Thermodynamic temperature

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Thermodynamic temperature is the absolute measure of temperature and is one of the principal parameters of thermodynamics. Thermodynamic temperature is an "absolute" scale because it is the measure of the fundamental property underlying temperature: its null or zero point, absolute zero, is the temperature at which the particle constituents of matter have minimal motion and can be no colder.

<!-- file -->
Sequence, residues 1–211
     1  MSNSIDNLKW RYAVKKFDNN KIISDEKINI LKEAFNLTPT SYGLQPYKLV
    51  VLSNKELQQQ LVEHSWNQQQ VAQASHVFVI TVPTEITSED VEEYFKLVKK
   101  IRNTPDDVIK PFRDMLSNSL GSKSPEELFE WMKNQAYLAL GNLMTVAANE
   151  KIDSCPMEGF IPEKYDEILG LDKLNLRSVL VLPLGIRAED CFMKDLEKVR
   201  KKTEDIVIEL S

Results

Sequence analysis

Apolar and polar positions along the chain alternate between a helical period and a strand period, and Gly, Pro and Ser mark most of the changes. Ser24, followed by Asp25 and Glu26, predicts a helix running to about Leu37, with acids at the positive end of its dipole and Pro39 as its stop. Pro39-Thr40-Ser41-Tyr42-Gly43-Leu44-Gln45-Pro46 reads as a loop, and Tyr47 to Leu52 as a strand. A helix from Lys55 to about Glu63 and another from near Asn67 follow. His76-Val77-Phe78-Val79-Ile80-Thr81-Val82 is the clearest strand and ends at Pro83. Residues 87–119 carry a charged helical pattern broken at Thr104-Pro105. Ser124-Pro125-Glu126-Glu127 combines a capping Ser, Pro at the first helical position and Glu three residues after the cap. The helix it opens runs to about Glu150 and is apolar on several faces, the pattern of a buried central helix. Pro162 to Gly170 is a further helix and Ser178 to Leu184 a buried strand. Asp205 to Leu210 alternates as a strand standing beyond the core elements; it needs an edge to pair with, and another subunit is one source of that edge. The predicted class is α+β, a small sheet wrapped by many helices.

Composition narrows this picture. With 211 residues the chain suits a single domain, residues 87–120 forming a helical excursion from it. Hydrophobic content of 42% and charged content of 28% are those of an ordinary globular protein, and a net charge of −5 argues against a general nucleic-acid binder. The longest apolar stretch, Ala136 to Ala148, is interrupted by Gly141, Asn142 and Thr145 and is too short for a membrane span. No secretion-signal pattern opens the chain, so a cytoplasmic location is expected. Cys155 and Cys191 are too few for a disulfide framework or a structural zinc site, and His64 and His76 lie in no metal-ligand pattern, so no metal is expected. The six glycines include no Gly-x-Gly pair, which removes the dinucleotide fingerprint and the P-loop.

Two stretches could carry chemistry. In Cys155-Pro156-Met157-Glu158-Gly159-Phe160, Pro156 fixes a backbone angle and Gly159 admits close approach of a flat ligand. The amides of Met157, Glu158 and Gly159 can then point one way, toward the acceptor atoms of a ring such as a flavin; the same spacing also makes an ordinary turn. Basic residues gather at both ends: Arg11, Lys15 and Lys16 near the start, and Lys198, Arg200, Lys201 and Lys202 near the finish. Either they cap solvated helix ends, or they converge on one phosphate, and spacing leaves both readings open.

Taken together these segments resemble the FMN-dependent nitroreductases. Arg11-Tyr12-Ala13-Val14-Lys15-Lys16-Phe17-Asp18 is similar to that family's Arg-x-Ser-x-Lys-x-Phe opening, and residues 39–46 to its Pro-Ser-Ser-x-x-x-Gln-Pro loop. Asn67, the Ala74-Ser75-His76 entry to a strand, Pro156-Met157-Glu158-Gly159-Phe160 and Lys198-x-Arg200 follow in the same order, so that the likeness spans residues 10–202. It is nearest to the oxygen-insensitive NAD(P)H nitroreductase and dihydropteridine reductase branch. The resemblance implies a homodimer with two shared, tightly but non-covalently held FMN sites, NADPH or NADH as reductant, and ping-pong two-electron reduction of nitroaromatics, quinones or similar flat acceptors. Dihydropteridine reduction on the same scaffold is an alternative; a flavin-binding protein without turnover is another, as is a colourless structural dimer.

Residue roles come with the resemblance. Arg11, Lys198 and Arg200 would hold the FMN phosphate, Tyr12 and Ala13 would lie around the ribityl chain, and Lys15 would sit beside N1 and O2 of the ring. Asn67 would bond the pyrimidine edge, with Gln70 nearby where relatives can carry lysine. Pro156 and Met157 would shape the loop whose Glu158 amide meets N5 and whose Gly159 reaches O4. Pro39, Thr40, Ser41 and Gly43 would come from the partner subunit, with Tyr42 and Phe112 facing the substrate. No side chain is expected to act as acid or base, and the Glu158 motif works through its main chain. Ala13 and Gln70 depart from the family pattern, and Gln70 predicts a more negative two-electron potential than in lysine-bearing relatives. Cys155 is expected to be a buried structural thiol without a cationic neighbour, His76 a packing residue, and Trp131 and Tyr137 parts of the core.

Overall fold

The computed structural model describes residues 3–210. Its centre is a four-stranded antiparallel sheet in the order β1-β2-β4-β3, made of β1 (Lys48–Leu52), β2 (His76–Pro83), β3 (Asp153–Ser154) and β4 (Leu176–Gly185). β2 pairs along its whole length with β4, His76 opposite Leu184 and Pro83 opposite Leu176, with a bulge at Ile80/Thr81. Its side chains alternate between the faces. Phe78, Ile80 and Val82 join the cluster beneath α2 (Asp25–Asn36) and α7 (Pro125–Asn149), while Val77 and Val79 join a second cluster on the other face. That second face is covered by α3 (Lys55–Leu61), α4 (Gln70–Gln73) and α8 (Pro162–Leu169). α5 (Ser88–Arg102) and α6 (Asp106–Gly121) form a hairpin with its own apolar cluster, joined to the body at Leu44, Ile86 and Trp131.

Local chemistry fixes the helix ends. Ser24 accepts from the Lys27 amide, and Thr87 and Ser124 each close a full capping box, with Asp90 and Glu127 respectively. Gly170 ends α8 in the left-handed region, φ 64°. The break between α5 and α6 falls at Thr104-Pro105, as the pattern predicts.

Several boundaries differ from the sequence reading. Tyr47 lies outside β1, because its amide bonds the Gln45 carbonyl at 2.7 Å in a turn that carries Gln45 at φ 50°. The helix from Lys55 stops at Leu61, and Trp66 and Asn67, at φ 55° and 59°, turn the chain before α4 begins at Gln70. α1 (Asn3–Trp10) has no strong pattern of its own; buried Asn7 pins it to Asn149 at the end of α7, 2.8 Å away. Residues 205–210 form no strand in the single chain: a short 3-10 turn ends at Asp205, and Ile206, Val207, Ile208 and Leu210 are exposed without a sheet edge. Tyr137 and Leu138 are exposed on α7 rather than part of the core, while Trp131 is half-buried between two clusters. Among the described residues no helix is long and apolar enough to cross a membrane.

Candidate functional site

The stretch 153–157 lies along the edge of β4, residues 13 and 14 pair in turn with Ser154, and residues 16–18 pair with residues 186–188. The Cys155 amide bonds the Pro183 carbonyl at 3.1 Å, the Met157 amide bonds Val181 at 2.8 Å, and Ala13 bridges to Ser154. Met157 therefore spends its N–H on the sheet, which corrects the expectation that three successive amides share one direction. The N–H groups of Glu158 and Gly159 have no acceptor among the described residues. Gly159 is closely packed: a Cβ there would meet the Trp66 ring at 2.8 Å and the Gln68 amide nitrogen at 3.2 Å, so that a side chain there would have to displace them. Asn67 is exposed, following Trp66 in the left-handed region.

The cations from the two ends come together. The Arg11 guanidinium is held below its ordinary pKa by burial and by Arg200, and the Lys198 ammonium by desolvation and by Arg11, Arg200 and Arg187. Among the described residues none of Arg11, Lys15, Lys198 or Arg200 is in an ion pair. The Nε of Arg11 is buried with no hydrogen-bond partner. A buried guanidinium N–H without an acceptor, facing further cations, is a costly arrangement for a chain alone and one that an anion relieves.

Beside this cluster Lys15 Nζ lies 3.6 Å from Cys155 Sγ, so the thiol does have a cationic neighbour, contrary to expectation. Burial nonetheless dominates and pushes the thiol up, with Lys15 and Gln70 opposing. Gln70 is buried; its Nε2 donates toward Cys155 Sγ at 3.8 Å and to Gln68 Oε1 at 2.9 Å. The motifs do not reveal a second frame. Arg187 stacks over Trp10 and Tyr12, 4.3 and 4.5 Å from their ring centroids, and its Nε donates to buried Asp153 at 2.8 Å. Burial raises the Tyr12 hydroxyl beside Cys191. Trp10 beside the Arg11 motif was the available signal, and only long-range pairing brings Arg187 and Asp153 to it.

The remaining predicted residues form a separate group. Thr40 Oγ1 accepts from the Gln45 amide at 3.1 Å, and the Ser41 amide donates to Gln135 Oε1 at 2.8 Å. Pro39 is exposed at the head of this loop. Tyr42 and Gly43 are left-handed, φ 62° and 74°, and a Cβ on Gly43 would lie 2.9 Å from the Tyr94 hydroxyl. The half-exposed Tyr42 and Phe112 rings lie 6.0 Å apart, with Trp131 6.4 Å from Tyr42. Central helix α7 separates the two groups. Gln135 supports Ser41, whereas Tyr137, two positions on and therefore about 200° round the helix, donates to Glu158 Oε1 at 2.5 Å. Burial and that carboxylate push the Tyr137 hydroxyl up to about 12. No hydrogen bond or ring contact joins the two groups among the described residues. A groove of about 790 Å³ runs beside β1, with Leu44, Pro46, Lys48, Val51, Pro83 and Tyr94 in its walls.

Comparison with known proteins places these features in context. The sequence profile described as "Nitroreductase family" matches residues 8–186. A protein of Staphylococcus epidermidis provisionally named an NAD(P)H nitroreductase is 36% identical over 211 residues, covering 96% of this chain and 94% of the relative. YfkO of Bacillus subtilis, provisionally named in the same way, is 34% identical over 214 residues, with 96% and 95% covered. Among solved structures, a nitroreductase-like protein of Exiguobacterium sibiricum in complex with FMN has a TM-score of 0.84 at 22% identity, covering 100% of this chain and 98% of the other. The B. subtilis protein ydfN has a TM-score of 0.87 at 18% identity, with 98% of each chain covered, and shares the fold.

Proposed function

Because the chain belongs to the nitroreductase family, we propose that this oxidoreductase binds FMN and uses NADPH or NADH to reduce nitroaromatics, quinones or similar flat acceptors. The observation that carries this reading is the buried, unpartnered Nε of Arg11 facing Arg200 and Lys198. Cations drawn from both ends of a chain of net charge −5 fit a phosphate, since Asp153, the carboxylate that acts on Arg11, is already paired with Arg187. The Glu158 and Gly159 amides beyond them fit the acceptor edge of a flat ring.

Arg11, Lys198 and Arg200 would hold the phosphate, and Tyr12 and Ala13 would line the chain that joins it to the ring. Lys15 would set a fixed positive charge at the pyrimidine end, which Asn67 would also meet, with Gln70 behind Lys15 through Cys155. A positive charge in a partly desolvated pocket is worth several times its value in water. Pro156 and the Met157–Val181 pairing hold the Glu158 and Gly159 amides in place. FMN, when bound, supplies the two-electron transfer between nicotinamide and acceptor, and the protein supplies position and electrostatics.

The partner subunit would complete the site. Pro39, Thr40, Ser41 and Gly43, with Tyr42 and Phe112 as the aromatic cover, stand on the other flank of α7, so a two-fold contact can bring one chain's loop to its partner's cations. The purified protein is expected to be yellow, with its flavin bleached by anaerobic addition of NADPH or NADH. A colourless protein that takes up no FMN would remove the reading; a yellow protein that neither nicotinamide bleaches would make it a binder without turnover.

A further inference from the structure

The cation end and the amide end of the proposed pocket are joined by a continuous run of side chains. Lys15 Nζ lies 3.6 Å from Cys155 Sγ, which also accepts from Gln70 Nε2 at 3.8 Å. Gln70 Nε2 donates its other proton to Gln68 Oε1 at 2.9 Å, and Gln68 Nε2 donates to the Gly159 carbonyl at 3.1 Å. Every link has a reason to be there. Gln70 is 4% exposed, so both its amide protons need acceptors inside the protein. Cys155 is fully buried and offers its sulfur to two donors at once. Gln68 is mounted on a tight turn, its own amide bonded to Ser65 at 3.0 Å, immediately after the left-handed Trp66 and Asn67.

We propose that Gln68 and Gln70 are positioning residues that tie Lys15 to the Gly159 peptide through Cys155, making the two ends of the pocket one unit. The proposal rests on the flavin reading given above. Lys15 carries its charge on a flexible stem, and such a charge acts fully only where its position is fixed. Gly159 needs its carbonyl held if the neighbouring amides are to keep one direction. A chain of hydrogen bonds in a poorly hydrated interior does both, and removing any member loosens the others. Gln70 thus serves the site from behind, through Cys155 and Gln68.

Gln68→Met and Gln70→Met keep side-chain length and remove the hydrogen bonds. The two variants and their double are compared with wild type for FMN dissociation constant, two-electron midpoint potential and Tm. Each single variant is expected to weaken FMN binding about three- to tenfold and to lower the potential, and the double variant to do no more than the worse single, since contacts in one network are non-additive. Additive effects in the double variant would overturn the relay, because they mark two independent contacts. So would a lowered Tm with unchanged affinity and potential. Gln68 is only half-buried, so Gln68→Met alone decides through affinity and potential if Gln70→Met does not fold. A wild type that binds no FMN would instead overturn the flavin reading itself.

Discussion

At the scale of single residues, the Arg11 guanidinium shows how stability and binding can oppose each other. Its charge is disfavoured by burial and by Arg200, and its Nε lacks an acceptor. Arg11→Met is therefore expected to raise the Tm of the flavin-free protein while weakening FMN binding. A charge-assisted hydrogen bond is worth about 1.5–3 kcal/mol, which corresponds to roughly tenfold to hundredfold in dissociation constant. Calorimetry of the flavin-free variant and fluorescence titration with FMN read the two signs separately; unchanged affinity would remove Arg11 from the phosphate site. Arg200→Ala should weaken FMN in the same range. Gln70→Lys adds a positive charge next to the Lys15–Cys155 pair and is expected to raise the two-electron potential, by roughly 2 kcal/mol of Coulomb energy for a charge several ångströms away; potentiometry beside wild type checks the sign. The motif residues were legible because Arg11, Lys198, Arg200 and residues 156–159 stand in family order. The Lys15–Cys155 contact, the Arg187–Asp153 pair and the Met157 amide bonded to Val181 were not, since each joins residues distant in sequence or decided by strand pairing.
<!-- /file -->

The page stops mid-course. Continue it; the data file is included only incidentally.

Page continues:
Temperature arises from the random submicroscopic vibrations of the particle constituents of matter. These motions comprise the kinetic energy in a substance. More specifically, the thermodynamic temperature of any bulk quantity of matter is the measure of the average kinetic energy of a certain kind of vibrational motion of its constituent particles called translational motions. Translational motions are ordinary, whole-body movements in three-dimensional space whereby particles move about and exchange energy in collisions. Figure 1 below shows translational motion in gases; Figure 4 below shows translational motion in solids. Thermodynamic temperature's null point, absolute zero, is the temperature at which the particle constituents of matter are as close as possible to complete rest; that is, they have minimal motion, retaining only quantum mechanical motion.[1] Zero kinetic energy remains in a substance at absolute zero (see Heat energy at absolute zero, below).

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